- Cynopsis reports, "Peter Boyle, who portrayed the often cranky father in the CBS comedy Everybody Loves Raymond, died Tuesday in New York after suffering from multiple myeloma and heart disease. He was 71 years old."
- Does this agency do any client work or do they sit around all year creating Christmas card videos?
- Chick-Fil-A has released a Ames Scullin O'Haire-created commercial promoting the SEC vs. ACC rivalry.
- We're reading George Parker's Madscam. We like it. We're not done yet but one YouTube user has and has published a video review of the book.
Back in the day, a Christmas card was just that, a card sent to clients thanking them for their business. Of course, that expanded to vendors, friends, family and the with the advent of the Internet, the entire world. What was once a simple secretarial...uh...administrative function has now become the hottest job on December's traffic list. Check out this entry from UK agency Proximity which dragged out the entire agency to appear in the thing. I guess one has to wonder what happens to general agency productivity on client work during Christmas card production week. Perhaps a footnote attached to the card acknowledging the amount of resources transferred from actual client work to Christmas card production is in order. Oh screw that. We're waiting for An Agency.com Christmas: The Movie.
Oh, and speaking of the Christmas card movie, here's one from Barkley. Something about a spaceman. We lost interest after a few minutes.
Oh, but any card that simply has the chipmunks singing and agency heads bobbling is a winner in our book. Sorry, we're easy to please. This one's from Tinsley Advertising. (Just who is that girl in the yellow bikini?) OK, OK, that sound loop is making our head explode!
We sometimes wonder why anyone in their right mind would want their ass crack revealed for the entire industry to examine but, apparently, someone over at Crispin Porter + Bogusky wants (practically begged) all of us to see Director of Broadcast Rupert Samuel's ass which he bared (sort of) at the agency's recent two office (Miami and Boulder) holiday party. Bogusky himself was on hand as well dressed as Willy Wonka. Oh the things we do to bring you important ad industry news.
Given available facts, when queried on their opinions about whether or not Julie Roehm should have been fired from Wal-mart, the industry is clearly undecided and split right down the middle. Based on a survey of 509 Adrants readers, 250 think she should have been fired and 259 think she should not have been fired. Hardly conclusive and, well, hardly relevant either. It's just interesting to see where the industry sits on this issue.
Ads involving carriages in a desperate race against crocodiles, tigers, spherical killer rocks and Satan always make for promising fare, which is why Oregon Trail was so popular, and which is also why this Nissan ad by Curt Detweiler via TBWA\Chiat\Day is so awesome.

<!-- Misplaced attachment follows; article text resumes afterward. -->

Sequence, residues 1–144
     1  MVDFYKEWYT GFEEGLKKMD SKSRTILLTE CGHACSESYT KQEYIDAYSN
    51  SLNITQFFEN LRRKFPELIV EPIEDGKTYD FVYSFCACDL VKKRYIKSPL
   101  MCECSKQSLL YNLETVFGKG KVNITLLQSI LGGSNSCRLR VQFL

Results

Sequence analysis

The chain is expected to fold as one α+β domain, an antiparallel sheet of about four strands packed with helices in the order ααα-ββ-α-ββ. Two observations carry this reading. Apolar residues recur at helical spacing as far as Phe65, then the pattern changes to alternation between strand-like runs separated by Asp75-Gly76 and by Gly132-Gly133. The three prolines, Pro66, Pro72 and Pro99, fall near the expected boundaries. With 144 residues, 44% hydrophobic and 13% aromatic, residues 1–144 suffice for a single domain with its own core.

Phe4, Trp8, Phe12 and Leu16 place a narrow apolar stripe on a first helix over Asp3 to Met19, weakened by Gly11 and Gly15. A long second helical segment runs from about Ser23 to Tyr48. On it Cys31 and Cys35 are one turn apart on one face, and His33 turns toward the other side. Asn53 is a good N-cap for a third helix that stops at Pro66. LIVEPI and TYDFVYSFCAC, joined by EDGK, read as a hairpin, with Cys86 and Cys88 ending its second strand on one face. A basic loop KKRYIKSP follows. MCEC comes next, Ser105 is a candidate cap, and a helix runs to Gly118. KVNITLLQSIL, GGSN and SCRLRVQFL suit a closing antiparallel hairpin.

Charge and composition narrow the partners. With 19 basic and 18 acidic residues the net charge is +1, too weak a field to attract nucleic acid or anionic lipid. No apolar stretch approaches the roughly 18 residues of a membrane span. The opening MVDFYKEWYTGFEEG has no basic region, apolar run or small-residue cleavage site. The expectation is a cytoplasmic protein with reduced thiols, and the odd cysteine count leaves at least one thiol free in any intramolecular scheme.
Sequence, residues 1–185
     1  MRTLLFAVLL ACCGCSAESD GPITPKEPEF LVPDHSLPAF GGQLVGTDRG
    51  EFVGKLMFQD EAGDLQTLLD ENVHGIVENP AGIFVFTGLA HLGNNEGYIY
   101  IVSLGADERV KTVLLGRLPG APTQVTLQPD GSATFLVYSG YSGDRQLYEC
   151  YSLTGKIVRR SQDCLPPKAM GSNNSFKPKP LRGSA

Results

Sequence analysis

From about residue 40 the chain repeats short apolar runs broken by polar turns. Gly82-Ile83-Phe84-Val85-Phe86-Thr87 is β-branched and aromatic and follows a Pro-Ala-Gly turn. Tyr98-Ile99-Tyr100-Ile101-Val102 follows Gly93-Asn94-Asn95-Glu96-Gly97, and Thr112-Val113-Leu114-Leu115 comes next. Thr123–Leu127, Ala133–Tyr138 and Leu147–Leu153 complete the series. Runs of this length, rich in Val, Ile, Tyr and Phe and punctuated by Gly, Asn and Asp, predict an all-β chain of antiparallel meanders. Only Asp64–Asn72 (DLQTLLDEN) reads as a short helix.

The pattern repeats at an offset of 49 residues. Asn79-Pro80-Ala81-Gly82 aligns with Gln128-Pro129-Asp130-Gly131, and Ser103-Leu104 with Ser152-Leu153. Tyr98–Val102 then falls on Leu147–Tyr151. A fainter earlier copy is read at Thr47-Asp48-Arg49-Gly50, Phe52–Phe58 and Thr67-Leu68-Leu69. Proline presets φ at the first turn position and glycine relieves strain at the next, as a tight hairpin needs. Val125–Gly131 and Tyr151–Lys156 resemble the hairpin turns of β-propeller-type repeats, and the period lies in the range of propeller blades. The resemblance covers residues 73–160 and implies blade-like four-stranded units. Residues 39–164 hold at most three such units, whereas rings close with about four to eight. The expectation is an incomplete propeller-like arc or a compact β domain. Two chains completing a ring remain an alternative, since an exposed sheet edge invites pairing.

Curt's new to LA having just come from TBWA Paris and this work suggests he merits some watching - for slapstick entertainment value if nothing else. And by the way, that image at left has little to do with the video but lots to do with QuickTime being douchey. It is, however, part of the TBWA Nissan campaign. Try not to get confused. - Contributed by Angela Natividad
With all the news and analysis last week regarding Wal-mart's Julie Roehm, let's get down to the most important issue at hand. Do you think Julie Roehm should have been fired? Take a quick yes or no survey here.
- Kid runs away from home, forgets passport, TV show promoted.
- Alex Bogusky gets his elf on over at Office Max.
- If you're going to spoof a Mac/PC ad for your holiday card, the least you could do what make it good. TM Advertising didn't.
- Joe Jaffe examines the long, slow death of the portal.
You know what this whole Wal-Roehm scandal is all about? Nothing. She just got caught. Hundreds of agency and client-side executives do exactly what she allegedly did and no one ever hears about it. We're not saying that makes it right. We're just saying.
But let's examine further. She's accused of having dinner with agency execs. What marketing director hasn't done that? She's accused of taking rides in ad execs fancy cars. Who wouldn't want to do that it offered? She accused of indicating to an agency exec said agency had the upper hand. Who hasn't been optimistic when discussing business with a potential partner? She's accused of accepting gifts from ad agencies courting the Wal-Mart account. Oh please. What agency on this earth doesn't do that when trying to win an account and what marketing director doesn't slide them into their briefcase before anyone notices?
Well, so much for those Lego ads. And so much for their creators. Today, the creators of the ads, Black Wu and Darren Cheung have acknowledged the ads are, in fact, fake, and that they were created as a "personal trial to challenge creativity." Commenting on the creation of these ads, they state, "We got so carried away that we came out with the stupidest idea that upset a broad audience. This was obviously done without the knowledge of any of the Saatchi & Saatchi managers."
Another letter from Saatchi & Saatchi Guangzhou China Head of Admin Ms. Cherry Yang clarifies the ads did not officially emanate from Saatchi, no one inside the organization was aware of their existence and that Wu and Cheung "have been dismissed today as their irresponsible personal behavior have severely affected our company's professional image." Well, there you have it. Pair creates spec ads to gain notoriety. Stupidly attaches employer's name to ads. Piss off employer. Get fired.
With the appropriate acronym, S.H.I.T, Via's Santa Hunters Investigative Team is a collection of videos that documents the agency's search for the elusive Santa Clause. It's the agency's version of its holiday card for clients and friends. Our favorite is the downloadable "We are the S.H.I.T" buddy icon.